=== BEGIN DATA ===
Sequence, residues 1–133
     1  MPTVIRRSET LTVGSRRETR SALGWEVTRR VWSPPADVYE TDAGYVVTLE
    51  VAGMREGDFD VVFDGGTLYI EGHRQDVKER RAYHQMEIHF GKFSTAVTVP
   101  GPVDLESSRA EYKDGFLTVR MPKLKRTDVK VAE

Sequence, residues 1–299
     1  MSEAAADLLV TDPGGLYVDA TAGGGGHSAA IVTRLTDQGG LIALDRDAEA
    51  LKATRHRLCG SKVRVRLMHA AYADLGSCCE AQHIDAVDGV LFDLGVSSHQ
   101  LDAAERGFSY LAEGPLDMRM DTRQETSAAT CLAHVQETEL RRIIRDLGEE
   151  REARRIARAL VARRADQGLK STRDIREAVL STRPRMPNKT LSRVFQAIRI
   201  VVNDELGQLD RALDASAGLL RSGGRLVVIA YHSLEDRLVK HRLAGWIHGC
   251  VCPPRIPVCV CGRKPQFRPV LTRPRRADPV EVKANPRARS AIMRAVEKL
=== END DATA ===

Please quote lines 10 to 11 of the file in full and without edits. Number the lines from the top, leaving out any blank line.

   201  VVNDELGQLD RALDASAGLL RSGGRLVVIA YHSLEDRLVK HRLAGWIHGC
   251  VCPPRIPVCV CGRKPQFRPV LTRPRRADPV EVKANPRARS AIMRAVEKL